“Basic Principles of Chiropractic Neuroscience”

These materials are provided as a service to our profession. There is no charge for individuals to copy and file these materials. However, they cannot be sold or used in any group or commercial venture without written permission from ACAPress.


Chapter 8: Clinical Disorders and the Sensory System

This chapter describes those sensory mechanisms, joint signals, and abnormal sensations (eg, pain, thermal abnormalities) that have particular significance within clinical diagnosis. The basis and differentiation of pain are described, as are the related subjects of trigger points and paresthesia. The chapter concludes with a description of the neurologic basis for the evaluation of the sensory system and the sensory fibers of the cranial nerves.


     THE ANALYSIS OF PAIN
     IN THE CLINICAL SETTING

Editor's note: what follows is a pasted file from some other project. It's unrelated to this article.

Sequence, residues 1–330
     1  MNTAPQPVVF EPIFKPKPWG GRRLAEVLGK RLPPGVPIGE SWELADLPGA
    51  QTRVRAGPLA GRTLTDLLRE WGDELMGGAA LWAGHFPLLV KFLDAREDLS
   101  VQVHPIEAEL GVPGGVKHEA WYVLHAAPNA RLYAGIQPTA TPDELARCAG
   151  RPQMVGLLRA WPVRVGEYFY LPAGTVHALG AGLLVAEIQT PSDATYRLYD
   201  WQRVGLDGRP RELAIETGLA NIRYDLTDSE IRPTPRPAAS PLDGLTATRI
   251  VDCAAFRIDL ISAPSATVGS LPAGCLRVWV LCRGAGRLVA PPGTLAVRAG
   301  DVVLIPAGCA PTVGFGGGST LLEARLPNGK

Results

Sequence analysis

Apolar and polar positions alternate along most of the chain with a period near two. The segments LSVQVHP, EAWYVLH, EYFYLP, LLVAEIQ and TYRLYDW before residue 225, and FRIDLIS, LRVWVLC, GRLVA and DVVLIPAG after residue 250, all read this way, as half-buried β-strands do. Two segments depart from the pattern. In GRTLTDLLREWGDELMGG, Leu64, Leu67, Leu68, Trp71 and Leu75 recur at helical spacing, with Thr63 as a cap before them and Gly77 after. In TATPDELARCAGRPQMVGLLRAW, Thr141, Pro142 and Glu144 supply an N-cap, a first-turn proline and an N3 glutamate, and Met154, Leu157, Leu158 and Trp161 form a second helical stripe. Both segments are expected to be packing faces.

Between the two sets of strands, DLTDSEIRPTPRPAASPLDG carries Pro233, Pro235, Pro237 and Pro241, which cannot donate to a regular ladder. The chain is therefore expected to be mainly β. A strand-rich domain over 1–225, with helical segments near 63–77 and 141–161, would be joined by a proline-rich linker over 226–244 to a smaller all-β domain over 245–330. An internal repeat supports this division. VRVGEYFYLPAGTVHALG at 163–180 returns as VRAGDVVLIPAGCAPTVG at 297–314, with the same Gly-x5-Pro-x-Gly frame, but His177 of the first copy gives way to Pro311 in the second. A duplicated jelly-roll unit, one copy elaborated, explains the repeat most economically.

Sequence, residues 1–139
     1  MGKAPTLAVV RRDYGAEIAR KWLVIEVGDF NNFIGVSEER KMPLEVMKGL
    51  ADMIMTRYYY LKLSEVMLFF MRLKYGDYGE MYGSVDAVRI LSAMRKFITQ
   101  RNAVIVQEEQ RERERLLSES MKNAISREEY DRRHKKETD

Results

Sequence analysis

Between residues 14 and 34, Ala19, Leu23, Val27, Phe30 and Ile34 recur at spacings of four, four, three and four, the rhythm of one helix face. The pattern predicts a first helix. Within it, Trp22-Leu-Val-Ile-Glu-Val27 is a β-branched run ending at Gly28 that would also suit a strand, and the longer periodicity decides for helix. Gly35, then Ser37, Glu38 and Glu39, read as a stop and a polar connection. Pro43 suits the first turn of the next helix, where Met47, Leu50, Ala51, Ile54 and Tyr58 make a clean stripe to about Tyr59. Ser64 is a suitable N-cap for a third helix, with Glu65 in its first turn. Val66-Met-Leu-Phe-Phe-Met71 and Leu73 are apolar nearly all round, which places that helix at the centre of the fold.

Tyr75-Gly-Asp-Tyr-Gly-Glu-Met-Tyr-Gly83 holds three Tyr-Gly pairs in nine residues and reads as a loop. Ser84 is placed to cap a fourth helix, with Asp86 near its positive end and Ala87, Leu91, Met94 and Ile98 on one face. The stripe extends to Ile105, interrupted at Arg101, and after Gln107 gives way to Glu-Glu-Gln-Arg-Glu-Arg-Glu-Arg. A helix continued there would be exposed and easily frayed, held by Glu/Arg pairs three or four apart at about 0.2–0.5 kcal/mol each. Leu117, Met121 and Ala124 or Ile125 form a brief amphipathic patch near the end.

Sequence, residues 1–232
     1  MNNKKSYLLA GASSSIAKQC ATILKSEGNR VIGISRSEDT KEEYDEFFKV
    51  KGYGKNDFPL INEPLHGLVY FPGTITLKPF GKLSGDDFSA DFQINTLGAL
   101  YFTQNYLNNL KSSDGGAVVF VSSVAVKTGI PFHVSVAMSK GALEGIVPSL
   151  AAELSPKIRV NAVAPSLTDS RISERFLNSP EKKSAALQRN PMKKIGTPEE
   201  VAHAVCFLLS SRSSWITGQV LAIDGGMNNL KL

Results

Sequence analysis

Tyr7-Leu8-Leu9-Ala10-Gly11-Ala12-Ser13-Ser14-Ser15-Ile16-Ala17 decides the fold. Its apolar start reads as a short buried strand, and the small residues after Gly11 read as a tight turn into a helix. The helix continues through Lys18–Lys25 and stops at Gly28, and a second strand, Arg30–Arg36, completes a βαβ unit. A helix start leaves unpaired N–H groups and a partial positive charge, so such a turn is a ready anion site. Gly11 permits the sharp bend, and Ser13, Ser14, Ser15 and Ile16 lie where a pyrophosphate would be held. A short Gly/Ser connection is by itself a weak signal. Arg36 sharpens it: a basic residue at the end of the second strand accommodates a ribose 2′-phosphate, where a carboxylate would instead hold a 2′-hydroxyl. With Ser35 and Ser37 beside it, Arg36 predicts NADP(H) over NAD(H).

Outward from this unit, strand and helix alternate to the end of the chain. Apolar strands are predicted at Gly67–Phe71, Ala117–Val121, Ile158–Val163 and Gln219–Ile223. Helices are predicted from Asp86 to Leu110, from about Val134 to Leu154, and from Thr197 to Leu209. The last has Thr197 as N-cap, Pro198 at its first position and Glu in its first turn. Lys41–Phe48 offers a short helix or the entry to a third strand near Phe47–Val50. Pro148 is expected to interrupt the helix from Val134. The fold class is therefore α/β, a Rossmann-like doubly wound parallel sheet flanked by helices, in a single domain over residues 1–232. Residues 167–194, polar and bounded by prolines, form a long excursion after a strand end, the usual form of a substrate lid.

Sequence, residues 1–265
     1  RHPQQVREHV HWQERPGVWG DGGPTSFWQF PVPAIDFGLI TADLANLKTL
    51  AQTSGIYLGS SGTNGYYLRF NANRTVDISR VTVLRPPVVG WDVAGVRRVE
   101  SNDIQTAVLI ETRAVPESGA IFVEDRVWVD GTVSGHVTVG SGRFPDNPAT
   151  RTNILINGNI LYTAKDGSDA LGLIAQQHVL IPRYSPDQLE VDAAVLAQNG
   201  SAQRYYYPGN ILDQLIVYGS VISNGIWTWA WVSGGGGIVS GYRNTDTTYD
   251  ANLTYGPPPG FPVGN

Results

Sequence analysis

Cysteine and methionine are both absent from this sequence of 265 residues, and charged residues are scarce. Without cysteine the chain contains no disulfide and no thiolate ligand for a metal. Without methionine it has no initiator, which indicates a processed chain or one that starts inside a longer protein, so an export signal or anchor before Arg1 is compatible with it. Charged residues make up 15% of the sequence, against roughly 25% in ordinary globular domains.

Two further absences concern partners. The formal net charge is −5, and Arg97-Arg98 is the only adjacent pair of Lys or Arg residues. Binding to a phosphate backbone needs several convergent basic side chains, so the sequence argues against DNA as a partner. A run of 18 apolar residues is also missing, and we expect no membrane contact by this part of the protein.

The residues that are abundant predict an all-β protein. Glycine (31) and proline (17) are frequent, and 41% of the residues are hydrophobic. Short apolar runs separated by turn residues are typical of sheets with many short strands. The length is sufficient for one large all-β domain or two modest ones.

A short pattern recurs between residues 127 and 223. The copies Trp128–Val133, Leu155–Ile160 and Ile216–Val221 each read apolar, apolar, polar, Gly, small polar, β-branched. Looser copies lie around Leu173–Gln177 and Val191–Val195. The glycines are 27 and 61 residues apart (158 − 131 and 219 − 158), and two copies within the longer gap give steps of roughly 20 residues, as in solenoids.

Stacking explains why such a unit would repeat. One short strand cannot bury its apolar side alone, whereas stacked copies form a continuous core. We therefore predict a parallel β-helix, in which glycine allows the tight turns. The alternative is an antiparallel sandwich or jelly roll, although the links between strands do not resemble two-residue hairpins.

Although all pain does not have organic causes, there is no such thing as “imagined” pain. Pain that can be purely isolated as a structural, functional, or an emotional effect is rare. More likely, all three are superimposed upon and interlaced with each other in various degrees of status. This is also true for neural, vascular, lymphatic, and hormonal mechanisms.

Common Causes of Pain and Paresthesia

The common causes of pain and paresthesia are:

(1) obvious direct trauma or injury;

(2) reflex origins in musculoskeletal lesions, which deep pressure often exaggerates, such as trigger areas;

(3) peripheral nerve injury (eg, causalgia), which results in an intense burning superficial pain;

(4) the presence of nerve inflammations and degeneration of the peripheral or CNS, which frequently cause other changes indicative of such lesions; (more…)

The Horizontal Neurologic Levels

By |April 8, 2013|Chiropractic Care, Chiropractic Education, Clinical Decision-making, Diagnosis, Education, Evaluation & Management, Health Promotion, Neurology|